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Teen daughter is going off the rails; JOAN'S SOLUTION.

Byline: Joan Burnie

Q I AM the mother of two girls - one aged 15 and the other 13.

I separated from their father a few years back but the girls see their dad twice a week. They're fine on their own but if I leave the two of them together all hell breaks loose. They can't stand the sight of each other and argue ALL the time.

My youngest has been boisterous but we were always very close. But in the past couple of years her behaviour towards me, and her attitude towards her sister, has been getting worse.

She is cheeky and challenging. I got her home drunk at the start of the year and last week she was caught shoplifting. I'm still waiting for word back from the police to see what the outcome will be.

She seems to enjoy winding me or her sister up and nothing I say or do gets through to her. My ex is no help.

When does this teenage rebellion or whatever it is fade? I'm exhausted.

A IT never fails to astonish me that, while hardly a week goes by without either a new book or TV programme appearing telling mums how to bring up their babies, there is hardly any help for those raising teenage kids.

I think the latter is more of a challenge than your average new-born darling.

For one thing, even when they are howling their lungs out, you know where they are and what they're getting up to.

Furthermore, they don't answer back, drink anything more toxic than milk or, like your younger daughter, steal.

I could tell you it's a phase most teens go through and, sooner or later, she'll get past it and become a reasonable person.

Up to a point that's true. You've got to keep a sense of proportion and while I don't think you're exaggerating how hard it is, she sounds a fairly typical teenager.

In fact, it's your older daughter, who does not give you cause for concern, that could be said to be the exception.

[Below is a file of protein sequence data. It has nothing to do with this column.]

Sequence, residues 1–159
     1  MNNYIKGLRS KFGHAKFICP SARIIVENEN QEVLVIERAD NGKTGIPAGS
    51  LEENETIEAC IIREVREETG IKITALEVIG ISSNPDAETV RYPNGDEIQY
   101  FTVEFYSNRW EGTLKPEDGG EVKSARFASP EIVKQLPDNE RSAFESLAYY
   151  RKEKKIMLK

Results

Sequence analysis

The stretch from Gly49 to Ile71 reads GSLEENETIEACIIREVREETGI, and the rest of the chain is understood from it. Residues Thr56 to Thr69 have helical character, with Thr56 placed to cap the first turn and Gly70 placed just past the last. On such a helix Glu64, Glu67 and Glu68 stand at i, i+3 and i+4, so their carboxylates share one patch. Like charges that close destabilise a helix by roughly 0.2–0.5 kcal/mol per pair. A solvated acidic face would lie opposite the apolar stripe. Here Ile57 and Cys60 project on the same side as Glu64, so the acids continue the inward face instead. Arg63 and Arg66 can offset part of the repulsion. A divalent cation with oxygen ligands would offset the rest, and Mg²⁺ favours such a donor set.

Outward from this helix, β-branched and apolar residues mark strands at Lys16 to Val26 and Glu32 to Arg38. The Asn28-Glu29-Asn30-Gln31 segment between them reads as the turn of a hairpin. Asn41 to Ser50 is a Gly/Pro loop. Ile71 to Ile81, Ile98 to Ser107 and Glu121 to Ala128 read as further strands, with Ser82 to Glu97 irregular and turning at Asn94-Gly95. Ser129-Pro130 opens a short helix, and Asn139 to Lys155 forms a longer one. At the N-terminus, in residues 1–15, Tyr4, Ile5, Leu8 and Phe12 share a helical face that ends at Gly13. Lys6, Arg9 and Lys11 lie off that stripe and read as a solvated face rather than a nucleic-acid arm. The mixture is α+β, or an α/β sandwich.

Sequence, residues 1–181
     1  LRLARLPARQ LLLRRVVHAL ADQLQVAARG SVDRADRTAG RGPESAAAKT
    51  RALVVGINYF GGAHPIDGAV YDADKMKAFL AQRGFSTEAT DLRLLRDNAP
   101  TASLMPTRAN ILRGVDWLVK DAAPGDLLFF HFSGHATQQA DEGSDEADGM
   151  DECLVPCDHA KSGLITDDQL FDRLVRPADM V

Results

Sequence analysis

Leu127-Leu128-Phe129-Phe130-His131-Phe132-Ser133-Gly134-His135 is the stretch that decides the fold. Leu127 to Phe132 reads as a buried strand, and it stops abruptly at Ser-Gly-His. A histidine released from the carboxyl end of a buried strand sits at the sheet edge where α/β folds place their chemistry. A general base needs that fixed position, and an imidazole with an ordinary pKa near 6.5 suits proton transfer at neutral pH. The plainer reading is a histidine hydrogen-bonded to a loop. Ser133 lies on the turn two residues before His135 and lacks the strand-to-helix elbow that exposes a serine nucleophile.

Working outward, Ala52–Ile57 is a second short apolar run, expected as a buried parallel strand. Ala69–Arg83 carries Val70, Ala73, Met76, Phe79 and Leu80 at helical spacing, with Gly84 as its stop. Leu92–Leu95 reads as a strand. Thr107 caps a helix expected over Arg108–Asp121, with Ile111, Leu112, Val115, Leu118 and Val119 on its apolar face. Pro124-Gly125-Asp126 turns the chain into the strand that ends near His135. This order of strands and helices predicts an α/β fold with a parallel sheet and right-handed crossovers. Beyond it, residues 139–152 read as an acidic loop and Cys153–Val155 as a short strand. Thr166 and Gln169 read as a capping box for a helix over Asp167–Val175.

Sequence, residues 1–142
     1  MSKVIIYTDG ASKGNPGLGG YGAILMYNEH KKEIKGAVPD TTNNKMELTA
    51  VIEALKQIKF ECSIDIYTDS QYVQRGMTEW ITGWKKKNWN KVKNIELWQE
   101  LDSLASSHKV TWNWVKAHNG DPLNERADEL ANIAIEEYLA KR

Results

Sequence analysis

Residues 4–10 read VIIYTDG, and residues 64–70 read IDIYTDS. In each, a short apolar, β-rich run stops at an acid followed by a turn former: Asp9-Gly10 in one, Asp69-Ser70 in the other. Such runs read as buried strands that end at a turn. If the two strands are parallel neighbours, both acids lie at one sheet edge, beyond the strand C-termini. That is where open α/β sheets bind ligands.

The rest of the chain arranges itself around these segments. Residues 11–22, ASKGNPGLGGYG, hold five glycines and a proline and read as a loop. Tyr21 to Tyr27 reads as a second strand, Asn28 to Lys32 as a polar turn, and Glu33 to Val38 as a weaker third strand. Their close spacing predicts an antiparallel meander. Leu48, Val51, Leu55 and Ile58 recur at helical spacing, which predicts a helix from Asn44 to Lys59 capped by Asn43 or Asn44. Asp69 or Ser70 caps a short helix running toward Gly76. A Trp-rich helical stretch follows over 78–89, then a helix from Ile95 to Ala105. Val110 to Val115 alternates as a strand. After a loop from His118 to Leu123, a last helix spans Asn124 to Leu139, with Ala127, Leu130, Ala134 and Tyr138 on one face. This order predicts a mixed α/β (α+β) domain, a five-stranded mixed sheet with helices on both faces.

But it doesn't help you with her sister, not when it looks as if you've got three or four more years of potential trouble.

Nor can you shrug your shoulders over shop-lifting or drinking. Maybe they are one-offs but no sensible parent ignores this behaviour, especially from a 13-year-old. Kids who drink get involved in all sorts of dangerous stuff, which can't be ignored or taken lightly.

I presume you've tried talking about it and explained why it isn't sensible or smart. Even if she didn't listen, it doesn't mean something hasn't got through.

You've got to set boundaries. There may not be a naughty step for teenagers but there are sanctions such as grounding her or taking away her mobile phone.

She won't like it. She may say she hates you but parents aren't their kids' pals.

They're make the rules and decide what is and isn't acceptable. It's easy and makes for a quieter life to give in but it's a copout and doesn't help the child.

From what you've written, that appears to be what your daughter's father has done. It's to your credit the girls seem to have a reasonable relationship with him.

All the evidence suggests two parents are always better than one.

But, and it's a big but, when it comes to how the kids are raised they both have to be singing from the same hymn book.

It doesn't matter your ex is elsewhere, what counts is that he backs you up.

What you don't need is his indifference to what's going on or, worse, him allowing your younger daughter to play you off each other. So that you're always the bad cop while he's the good one.

It's time to make it clear to him that he's got to start behaving like a father, which means he, too, has to call your daughter - HIS daughter - to account.

Try not to shout and and scream at her, it won't get you anywhere.

Same with her sister. No matter how annoying her kid sister is, it may be better to simply walk away and refuse to argue back. Not easy for a 15-year-old I agree but less exhausting for her, as well as you.

Finally, for more help and support don't hesitate to contact Parentline on 08088002222.
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Title Annotation:Features
Publication:Daily Record (Glasgow, Scotland)
Date:Oct 5, 2007
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